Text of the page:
One of the most vivid memories I have is driving my daughter to school on December 17, 2012. As we pulled up to the school, I noticed a couple of police cars parked outside. I forced a smile as I fought through the tears welling up in my eyes. I watched my kindergartener get out of the car and run into school with her friends, and I remember pausing for a second before I drove away and completely lost it.
The Friday prior had been a big day in our national history. Twenty children were killed in a mass shooting at an elementary school in Connecticut. Those kids were the exact age that my daughter was at that time. As I watched the scene unfold on tv, the pain that I was watching was unbearable. The stories of the parents who arrived to pick up their first grader only to be told they wouldn’t be coming home was just not fathomable.
When the news broke about the horrific shooting at Marjory Stoneman Douglas High School in Parkland, Florida just this week, I was away from my family at a conference for school superintendents. And this time it hit me in the same way, yet it felt different. I realized as I walked around in a daze from the news that it hit educators just as hard. There are millions of people who devote their life to the education of kids every day. How could one shooter affect so many so deeply?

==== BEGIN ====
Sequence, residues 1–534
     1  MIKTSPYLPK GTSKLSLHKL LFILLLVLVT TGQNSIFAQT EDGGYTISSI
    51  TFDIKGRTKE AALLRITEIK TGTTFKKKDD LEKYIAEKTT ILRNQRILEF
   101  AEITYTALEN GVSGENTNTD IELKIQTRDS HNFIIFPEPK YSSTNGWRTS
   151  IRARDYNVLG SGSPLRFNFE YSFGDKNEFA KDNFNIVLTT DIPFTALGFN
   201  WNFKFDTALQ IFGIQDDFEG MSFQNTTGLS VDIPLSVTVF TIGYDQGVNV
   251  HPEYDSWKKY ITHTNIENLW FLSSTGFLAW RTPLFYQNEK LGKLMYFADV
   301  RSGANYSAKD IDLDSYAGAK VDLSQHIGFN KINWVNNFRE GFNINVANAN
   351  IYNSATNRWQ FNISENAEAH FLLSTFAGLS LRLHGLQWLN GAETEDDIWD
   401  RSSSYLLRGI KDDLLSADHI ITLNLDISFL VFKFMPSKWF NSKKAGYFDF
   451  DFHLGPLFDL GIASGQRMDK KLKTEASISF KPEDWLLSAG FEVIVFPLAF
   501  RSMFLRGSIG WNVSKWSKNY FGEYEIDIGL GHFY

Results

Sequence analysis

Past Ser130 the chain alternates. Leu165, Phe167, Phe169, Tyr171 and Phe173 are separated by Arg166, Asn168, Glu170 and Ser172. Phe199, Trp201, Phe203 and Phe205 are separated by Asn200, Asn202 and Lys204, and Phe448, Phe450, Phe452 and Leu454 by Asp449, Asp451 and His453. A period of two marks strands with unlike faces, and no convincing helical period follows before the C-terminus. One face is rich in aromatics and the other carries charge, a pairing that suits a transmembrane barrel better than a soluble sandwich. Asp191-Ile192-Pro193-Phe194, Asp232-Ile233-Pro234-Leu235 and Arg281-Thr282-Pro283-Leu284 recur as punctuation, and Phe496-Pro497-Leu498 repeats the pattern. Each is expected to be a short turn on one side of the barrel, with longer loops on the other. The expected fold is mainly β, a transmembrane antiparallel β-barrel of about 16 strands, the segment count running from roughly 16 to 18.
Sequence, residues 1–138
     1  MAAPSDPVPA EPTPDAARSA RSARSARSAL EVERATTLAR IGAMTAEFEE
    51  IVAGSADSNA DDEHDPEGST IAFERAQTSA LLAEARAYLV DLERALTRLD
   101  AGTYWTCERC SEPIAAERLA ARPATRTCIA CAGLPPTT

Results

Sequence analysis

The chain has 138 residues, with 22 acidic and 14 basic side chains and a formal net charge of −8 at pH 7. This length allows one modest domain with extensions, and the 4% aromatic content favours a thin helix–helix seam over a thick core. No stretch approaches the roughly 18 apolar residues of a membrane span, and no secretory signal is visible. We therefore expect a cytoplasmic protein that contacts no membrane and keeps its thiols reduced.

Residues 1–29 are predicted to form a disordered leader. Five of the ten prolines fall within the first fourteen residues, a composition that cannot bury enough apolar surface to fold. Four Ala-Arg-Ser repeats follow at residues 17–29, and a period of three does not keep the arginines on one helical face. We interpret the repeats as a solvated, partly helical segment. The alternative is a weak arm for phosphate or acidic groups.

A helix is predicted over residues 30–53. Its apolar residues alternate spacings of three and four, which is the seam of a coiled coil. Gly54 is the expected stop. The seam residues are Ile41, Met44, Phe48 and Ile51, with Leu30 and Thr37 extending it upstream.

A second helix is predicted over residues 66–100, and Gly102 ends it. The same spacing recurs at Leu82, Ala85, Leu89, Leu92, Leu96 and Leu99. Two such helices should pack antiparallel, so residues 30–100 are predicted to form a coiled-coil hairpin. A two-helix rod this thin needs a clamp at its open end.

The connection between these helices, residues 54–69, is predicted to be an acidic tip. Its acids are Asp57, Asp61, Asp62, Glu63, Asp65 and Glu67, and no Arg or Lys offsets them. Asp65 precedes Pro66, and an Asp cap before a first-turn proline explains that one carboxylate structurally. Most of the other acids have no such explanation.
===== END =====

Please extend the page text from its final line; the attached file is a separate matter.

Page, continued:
It’s not fair. Our kids shouldn’t have to practice lockdown drills and discuss what to do if a shooter is in their building. Our teachers shouldn’t have to prepare to be a human shield to protect the young lives that they are shaping every day (and I don’t know a teacher who wouldn’t). Principals and superintendents shouldn’t have to invest in training and security specifically to prevent or stop an active shooter situation. And as parents, we shouldn’t have to worry when we drop our kids off at school that it could be the last time we see them.
But we do.
As a mom, my first instinct is to make sure everyone else is covered. I made sure my kids understood what happened and that they know what to do in case of an emergency, but also that they understand that tragedies like this aren’t commonplace. I made sure that my fellow educators and coworkers felt able to process the pain. I sent a note to my kids’ teachers telling them how much they are appreciated (something they never hear enough).
After my mind stopped racing and I was satisfied that everyone was taken care of, I realized I missed someone. Myself.
As moms, we always think about ourselves last. But it is important to process this unbelievable tragedy on a personal level. It’s okay to be sad, to be angry, to be terrified. It’s important to feel all the feels. It’s important to take a walk, to get a massage, and to get lost in a good book. Important to scream out loud, punch the pillow, and weep for the lives lost, their families, and for our own fears that this could happen to us, too. But most of all, it’s important to take the time needed to get back to our mom game.
Perhaps tomorrow I’ll pick myself up by my bootstraps, be eternally grateful for every moment that I have with my friends and family, and find a way to pay it forward in the name of the innocent lives lost. But tonight I’ll be sad and accept my sadness. Because moms need time to mourn, too.